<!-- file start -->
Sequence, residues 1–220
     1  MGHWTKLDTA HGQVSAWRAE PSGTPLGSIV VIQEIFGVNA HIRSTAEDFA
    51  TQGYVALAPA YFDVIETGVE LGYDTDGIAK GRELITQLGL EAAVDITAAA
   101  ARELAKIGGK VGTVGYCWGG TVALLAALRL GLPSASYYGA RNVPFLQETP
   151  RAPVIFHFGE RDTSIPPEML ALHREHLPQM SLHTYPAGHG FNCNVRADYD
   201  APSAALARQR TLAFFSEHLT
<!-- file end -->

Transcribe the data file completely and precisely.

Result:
Sequence, residues 1–220
     1  MGHWTKLDTA HGQVSAWRAE PSGTPLGSIV VIQEIFGVNA HIRSTAEDFA
    51  TQGYVALAPA YFDVIETGVE LGYDTDGIAK GRELITQLGL EAAVDITAAA
   101  ARELAKIGGK VGTVGYCWGG TVALLAALRL GLPSASYYGA RNVPFLQETP
   151  RAPVIFHFGE RDTSIPPEML ALHREHLPQM SLHTYPAGHG FNCNVRADYD
   201  APSAALARQR TLAFFSEHLT